I can't fathom the idea of entering another community ... I don't know if I am willing to risk being hurt again in such fashion. That's the difficult part -- trying to move past the events to a place of healing where you can return to a discernment not clouded by the experiences of the past.

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nunsense
[quote name='cmariadiaz' date='27 March 2010 - 02:13 PM' timestamp='1269659605' post='2081086']
Kavala -- you may not realize what it meant for some of us here. I'm not at a point where I can write it down but to hear someone else say that they were mistreated/misjudged/misunderstood/mis-etc. really makes me feel that I am not alone.

And the most difficult part is when you *love* the community. As Nunsense said, after such an experience there are times you do blame God for what happened, especially if you're supposed to see God in the figure of your superiors.

I can't fathom the idea of entering another community ... I don't know if I am willing to risk being hurt again in such fashion. That's the difficult part -- trying to move past the events to a place of healing where you can return to a discernment not clouded by the experiences of the past.
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Or you find, after working up the courage finally, that no one wants you anymore. My SD made me wait six months after being sent away from Carmel, because he wanted me to wait and deal with the loss. I was all ready then to either start a new community or enter another one, but he wouldn't let me. So I spent six months supposedly recovering but when I finally decided to get the courage to start applying again, I met with rejection after rejection because I am now three years older than when I first started discerning and no one wants to give me a chance, or they tell me that obviously there is something wrong with me that I have been in so many communities already and failed (been rejected, doesn't seem to matter). They also seem to know what is best for me, with some telling me to choose an American community because that would suit me culturally or others telling me to choose an active one, you know, anywhere but here please. The rejection has been horrific, and I spend all my time telling myself that it isn't God who is rejecting me, that it is these communities. Men can become priests up until 65 at least (my current Confessor started at 60) but women are 'old' at 35 or 40 it seems. Today I got yet another rejection so I had a talk with God and decided that it must be because He loves me so much that He wants to keep me all for Himself! It doesn't really help, but at least I am not wallowing in negativity about it either. I even humbled myself to beg at former communities to ask if I could come back, but no, I an unwanted now it seems, even with those who liked me because I am too old at 57.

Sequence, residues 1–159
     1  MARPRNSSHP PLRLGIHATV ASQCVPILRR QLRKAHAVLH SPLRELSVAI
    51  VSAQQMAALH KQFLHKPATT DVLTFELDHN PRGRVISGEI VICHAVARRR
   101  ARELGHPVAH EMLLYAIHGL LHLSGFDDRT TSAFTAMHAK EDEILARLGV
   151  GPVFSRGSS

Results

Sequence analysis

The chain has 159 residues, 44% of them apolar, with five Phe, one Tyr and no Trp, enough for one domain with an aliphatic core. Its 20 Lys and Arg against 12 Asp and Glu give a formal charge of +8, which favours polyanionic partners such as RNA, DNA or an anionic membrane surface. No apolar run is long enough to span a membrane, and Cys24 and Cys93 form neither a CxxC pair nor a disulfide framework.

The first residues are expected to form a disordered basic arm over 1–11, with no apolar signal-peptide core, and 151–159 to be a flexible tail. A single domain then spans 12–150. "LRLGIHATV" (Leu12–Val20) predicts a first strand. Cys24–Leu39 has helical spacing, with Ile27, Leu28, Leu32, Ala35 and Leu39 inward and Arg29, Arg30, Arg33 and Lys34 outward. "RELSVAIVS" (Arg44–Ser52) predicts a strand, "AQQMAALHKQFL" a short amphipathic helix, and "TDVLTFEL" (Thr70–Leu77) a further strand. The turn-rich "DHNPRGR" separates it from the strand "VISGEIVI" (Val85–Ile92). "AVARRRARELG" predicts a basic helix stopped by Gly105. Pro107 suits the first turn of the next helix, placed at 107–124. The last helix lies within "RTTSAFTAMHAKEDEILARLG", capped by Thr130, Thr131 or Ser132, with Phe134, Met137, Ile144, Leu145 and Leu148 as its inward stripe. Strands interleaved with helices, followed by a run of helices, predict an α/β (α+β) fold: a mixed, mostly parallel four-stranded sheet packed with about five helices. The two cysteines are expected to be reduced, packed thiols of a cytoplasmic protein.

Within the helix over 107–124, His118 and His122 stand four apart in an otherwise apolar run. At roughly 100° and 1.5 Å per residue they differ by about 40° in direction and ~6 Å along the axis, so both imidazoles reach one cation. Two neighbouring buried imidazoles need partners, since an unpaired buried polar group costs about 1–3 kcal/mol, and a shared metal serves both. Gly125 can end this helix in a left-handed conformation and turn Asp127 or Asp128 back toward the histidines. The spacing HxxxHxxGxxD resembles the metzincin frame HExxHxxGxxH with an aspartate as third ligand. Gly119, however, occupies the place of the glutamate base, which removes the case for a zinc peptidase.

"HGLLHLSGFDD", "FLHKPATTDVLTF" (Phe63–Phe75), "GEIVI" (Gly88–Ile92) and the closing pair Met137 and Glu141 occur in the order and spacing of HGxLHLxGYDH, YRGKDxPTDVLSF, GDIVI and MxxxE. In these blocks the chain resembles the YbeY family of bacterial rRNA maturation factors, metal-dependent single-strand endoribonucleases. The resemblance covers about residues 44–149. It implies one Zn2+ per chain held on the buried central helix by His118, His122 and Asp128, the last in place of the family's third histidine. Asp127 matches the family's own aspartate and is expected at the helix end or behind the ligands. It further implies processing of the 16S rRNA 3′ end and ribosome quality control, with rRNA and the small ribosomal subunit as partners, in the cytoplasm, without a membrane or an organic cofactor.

I asked my first spiritual director which community he whould choose if he were me (this was over three years ago and I had a few more options then), and he told me 'Whichever one would have me.' Well, that is almost how I feel now, and yet I am trying so hard to see this as God's will. If I had two broken legs, I couldn't very well be a ballerina now could I? But then I remember that the disabled do find challenges that motivate and inspire them, if not the ones they want. I am sure that God has a plan for each one of us, even if we don't seem to be fulfilling our lives the way 'we' think we should.